The Supreme Court order of July 2014 says: “We do not think, it is necessary for us to deal with the width and scope of Article 16(4A) any further. Insofar as Kuldeep Singh is concerned, we find that the matter was decided by this Court having regard to the constitutional provision contained in Article 16 (4A). The view taken by this Court in Kuldeep Singh is in accord with constitutional scheme articulated in Article 16(4A). On the other hand, in S. Vinod Kumar, the Court failed to consider Article 16(4A). As a matter of fact, Article 16(4A) was inserted in the Constitution to undo the observations in Indra Sawhney that there can not be dilution of standards in matters of promotion.

The five-judge Bench was also in agreement with the decision in Kuldeep Singh case and approved it. Ordinarily, the July 2014 order said: ” we would have sent the matter to the Regular Bench for disposal of the matter but having regard to the nature of controversy and the fact that the Central Administrative Tribunal, Delhi has followed (the order in) S. Vinod Kumar which is not a good law and resultantly 1997 O.M. is also illegal, in our view, the agony of the appellants need not be prolonged as they are entitled to the reliefs.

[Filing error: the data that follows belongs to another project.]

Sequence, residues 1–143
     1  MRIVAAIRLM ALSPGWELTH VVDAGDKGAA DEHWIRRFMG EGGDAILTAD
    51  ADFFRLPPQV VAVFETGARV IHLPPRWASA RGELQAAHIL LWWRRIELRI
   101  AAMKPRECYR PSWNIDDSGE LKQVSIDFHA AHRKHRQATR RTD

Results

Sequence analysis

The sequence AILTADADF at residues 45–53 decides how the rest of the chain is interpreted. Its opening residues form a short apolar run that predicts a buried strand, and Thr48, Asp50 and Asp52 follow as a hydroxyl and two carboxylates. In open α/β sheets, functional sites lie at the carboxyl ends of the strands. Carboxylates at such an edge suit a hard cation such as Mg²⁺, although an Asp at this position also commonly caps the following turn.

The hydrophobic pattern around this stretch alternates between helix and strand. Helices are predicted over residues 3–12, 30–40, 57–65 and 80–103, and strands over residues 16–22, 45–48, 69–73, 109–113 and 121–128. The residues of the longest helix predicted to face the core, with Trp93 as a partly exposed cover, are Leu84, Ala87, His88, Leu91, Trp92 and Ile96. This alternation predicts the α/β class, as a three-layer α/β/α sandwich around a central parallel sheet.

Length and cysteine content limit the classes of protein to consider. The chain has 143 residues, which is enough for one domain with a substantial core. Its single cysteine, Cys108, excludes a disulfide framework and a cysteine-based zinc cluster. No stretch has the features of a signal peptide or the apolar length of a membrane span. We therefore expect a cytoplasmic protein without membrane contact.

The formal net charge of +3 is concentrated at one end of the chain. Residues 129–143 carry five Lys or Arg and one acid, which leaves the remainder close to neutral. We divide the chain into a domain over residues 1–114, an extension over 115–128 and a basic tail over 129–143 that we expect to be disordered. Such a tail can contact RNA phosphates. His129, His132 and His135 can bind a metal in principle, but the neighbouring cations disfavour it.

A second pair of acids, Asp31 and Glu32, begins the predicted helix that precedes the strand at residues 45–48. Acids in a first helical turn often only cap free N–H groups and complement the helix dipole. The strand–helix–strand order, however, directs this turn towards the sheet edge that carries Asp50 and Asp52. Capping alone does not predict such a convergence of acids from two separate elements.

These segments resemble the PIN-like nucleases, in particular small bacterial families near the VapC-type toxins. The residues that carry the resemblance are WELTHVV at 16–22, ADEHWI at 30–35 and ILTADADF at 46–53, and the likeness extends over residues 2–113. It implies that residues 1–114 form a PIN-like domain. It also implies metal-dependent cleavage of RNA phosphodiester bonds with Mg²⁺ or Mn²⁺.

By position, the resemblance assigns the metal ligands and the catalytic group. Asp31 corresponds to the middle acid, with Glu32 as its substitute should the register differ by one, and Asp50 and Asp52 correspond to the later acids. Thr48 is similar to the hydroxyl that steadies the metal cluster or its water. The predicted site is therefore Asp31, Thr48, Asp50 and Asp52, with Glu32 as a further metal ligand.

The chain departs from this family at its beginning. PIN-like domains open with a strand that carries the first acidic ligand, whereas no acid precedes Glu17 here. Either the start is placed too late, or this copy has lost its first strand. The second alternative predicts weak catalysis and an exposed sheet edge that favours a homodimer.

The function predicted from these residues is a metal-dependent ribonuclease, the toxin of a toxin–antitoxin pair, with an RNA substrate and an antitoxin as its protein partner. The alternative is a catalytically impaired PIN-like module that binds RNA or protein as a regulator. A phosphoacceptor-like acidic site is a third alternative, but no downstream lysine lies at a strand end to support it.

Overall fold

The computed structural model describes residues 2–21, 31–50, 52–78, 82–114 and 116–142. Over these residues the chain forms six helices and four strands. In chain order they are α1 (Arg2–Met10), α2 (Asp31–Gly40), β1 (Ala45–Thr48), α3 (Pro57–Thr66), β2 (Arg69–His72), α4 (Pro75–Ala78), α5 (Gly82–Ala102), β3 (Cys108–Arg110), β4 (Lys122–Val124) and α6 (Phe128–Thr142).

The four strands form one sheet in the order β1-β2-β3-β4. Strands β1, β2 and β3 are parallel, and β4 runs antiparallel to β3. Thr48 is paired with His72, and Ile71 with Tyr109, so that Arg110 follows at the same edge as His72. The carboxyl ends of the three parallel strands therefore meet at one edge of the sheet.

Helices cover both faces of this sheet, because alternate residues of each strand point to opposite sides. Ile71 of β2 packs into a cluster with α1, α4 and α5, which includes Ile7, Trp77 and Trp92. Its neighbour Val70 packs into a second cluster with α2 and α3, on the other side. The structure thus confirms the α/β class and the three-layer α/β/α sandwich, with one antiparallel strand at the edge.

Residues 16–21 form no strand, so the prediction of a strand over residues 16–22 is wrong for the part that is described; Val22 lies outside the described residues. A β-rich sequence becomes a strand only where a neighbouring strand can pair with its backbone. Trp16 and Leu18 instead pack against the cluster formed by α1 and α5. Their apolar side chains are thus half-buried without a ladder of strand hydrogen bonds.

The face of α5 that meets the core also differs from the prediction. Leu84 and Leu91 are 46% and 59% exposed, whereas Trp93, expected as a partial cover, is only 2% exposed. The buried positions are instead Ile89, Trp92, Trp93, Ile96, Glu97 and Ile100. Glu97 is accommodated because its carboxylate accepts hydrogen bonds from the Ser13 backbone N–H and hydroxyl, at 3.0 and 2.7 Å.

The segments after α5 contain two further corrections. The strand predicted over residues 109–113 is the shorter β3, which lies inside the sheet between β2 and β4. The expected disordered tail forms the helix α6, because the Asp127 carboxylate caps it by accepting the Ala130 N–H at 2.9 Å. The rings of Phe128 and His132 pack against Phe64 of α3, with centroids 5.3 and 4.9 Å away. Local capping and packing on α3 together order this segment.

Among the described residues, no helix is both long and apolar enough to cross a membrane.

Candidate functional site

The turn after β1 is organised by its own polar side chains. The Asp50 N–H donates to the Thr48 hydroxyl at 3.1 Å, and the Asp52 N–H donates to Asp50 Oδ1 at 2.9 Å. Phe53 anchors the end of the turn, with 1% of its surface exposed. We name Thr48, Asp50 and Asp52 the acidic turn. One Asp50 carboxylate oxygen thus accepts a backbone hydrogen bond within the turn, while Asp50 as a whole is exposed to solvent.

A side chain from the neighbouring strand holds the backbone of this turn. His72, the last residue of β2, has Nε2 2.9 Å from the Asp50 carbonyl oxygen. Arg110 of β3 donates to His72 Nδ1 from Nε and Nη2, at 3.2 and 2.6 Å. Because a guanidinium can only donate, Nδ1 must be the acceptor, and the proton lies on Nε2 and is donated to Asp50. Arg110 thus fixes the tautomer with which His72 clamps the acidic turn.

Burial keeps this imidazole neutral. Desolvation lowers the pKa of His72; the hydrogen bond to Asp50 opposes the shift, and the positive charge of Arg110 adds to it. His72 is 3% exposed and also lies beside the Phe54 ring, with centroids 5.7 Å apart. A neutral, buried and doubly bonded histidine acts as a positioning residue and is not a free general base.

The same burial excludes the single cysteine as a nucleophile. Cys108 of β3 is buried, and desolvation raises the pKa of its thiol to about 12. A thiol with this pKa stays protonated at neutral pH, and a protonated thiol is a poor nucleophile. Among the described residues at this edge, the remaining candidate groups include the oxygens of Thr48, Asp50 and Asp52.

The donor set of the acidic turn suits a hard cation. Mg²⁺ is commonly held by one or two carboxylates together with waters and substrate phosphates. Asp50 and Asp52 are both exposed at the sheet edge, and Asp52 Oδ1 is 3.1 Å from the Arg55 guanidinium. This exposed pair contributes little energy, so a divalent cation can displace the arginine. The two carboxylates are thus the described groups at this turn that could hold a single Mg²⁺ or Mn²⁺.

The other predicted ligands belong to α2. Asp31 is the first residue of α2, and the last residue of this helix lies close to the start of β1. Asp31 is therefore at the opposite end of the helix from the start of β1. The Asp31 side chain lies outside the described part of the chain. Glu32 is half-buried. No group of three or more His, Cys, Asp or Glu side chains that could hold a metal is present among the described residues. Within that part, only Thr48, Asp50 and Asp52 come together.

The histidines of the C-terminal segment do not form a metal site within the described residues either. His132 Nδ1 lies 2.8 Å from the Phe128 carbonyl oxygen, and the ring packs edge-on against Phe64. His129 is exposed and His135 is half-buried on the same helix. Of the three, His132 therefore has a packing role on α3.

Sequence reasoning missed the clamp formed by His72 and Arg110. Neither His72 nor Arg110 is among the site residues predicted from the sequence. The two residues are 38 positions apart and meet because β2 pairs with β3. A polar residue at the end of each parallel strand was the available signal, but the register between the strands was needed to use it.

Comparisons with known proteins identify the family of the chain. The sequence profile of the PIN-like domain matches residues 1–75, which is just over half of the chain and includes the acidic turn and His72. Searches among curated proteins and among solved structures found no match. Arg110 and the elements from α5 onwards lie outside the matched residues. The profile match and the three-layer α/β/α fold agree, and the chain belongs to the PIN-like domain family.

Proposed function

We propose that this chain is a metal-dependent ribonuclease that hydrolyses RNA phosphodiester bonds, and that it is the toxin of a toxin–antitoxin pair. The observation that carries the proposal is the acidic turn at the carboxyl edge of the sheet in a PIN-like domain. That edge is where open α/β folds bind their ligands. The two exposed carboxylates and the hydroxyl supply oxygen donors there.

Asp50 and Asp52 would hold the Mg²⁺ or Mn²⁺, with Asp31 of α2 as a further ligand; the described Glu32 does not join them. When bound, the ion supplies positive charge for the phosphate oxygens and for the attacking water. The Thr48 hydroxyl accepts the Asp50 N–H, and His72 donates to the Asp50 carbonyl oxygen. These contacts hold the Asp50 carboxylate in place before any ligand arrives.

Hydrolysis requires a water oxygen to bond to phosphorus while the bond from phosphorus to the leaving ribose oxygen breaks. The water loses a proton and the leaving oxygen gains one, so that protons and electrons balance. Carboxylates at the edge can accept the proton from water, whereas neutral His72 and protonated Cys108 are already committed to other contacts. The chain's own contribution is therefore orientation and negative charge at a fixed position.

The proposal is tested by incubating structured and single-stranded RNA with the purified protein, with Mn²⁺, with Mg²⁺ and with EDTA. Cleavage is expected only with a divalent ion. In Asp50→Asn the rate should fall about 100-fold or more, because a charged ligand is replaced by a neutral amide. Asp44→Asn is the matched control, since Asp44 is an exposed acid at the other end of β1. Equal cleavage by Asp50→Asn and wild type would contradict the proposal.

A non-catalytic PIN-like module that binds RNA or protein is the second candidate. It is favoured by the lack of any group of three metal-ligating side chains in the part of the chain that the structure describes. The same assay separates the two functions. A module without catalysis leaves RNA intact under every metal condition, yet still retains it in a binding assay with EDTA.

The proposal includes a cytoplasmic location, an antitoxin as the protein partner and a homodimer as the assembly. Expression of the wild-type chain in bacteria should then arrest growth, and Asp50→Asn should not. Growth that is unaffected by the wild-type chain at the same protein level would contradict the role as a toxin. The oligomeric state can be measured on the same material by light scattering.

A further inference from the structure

Consequently, civil appeals were allowed. The impugned order was set-aside. 1997 O.M. was declared illegal. Government of India was directed to modify the results in the Section Officers/Stenographers (Grade B/Grade-I) Limited Departmental Competitive Examination, 1996 by providing for reservation and extend all consequential reliefs to the appellants.

The order said, while passing the judgement in the S. Vinod Kumar case, the court did not take into consideration the constitutional provision that Article 16(4A) had been brought into Constitution by the Constitution (Seventy seventh Amendment) Act, 1995 with effect from 17 June 1995. Hence the five Judge Bench on 15 July 2014 pronounced that S. Vinod Kumar’s is per incuriam – implying thereby that it is a judgment which has been decided without reference to a statutory provision.